I think, like I say, we're headed in the right direction, and we'll just have to see where it goes when we make that transition.

As far as Ron, I feel like we've gone through -- Truck Series is different. It seems like you go through cycles of people. Obviously with Ren moving on to take a management role at Kyle's, we obviously restructured the whole team, same system. We've done some development work over the off-season with the trucks that we haven't done in the past. Our particular team is responsible for about ten teams in the Truck Series as far as fabrication and things like that that we handle within our shop. From that part, we've just got to keep doing what we're doing for him. We've got to keep him from racing Kyle every week when he's driving a truck and just race his own race like he did last year. I think that's the most important thing, because we don't need to -- he doesn't need to beat Kyle. I feel like that's mine and Elliott's responsibility to take those one-off races with Kyle in the truck and try to do what we did at the end of the year by taking some of those wins away from him.

Dave Fuge is his crew chief, and he's won as many championships as we have as a team, so I feel like we've put a lot of experience around him. I feel like the depth of his team is twice as good as it was last year as far as depth and experience from the mechanics and things that are working on it. We've added some different pieces within the organizations to try to make the pit stops better with a pit stop coach. But we've got Ron, he's actually been in the gym, which is kind of scary to say. (Laughter)

I'd love to see he and Todd Bodine working out together. I haven't seen it yet, but it's got to be entertaining. But I'm really proud of him because he's taken the initiative to not only just -- it's not only for the race team, just to take care of himself a little bit better. Other than that, I think everything is running good. Hopefully we feel like we've made our speedway stuff better, which I felt was our weak point last year, and we'll go from there.

Q: As an owner how would you assess the overall health of the Truck Series and the Nationwide Series, say, compared to this time last year?

KEVIN HARVICK: Well, I think the hot topic last year was whether the Truck Series would even show up to Daytona. I think the Truck Series is kind of what started a lot of the team rosters and the no scores and the team owners getting together. It's really where we saw the benefit as a sport as to how that could work. We had a lot of teams pop up new. There's a lot of new teams. We've built a total of three new teams of vehicles, of new owners, that are coming into the sport over the off-season.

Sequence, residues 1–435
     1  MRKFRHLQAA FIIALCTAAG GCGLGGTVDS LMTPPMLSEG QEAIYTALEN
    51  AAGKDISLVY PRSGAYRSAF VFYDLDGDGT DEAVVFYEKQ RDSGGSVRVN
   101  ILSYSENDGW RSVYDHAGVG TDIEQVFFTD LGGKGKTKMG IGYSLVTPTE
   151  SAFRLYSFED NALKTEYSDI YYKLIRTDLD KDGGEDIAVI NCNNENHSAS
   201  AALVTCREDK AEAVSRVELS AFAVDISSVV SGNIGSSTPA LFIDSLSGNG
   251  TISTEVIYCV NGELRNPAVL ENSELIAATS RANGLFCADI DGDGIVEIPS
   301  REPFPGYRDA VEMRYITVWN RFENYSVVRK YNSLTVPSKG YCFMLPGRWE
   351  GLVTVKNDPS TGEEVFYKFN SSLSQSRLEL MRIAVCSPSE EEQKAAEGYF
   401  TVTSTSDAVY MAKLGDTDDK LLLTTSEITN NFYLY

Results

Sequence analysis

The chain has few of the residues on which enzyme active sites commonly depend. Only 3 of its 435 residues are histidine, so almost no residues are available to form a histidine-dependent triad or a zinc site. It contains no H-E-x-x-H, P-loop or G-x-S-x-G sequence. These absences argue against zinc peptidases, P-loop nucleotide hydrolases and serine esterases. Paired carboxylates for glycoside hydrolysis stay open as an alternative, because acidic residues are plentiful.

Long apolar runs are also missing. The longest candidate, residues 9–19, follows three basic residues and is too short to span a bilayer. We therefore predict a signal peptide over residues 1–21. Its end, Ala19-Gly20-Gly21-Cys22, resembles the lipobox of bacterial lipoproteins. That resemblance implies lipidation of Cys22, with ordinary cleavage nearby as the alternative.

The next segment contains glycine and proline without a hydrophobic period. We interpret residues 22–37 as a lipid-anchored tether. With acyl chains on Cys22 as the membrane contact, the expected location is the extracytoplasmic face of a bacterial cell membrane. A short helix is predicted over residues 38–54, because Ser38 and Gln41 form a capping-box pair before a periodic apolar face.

Basically what has happened is it's gone back to where a guy that races in a region or a guy that races at a particular -- in a particular area can afford to build or go buy trucks and show up for one or two races and not be way out in right field. So it's kind of really gone back to how it started.

Budgets have dropped pretty dramatically in the Truck Series to race with the way that we have the engine program structured through NASCAR and how they keep track of all that. And you can only have a certain amount of people.

So it's become more affordable to race, and I think the series is going to be as healthy as it's ever been with Kyle's two or three teams coming in, we've got Turner Motorsports, got two fully competitive teams coming in. I know we had a couple teams that fell out, but I think there's more quality teams this year than there has been in a long time.

Q: How about Nationwide?

KEVIN HARVICK: The Nationwide stuff is obviously going to go through a transition here with the car. You know, our car is funded, and it'll race the whole season, and then we'll have Stewart's second car at Daytona. For the most part for us we're in a fortunate position to have all that stuff going. I think you're going to see Roush has -- I don't know, what's he have, 15 teams or something in the Nationwide Series? (Laughter.) I don't know how many, but it's a lot. So I think that series is going to be strong, as well.

Q: How do you go about going at RCR with one year left on your contract, and any chance you'll be back there in 2011?

KEVIN HARVICK: I'm not getting in the middle of it. There's enough people that can handle all that stuff. When it all boils down to it, it's all about winning races, and that's all I care about. We're going to come into the season, and we're going to race a lot this year, and we're going to have fun. That's my main goal for the year is to have fun. How it all plays out, I couldn't tell you. It's just up to all the -- I'm not going to get into all of that right now. We haven't even got on the track. And we're going to come to Daytona and race, and we're going to have a good time this year.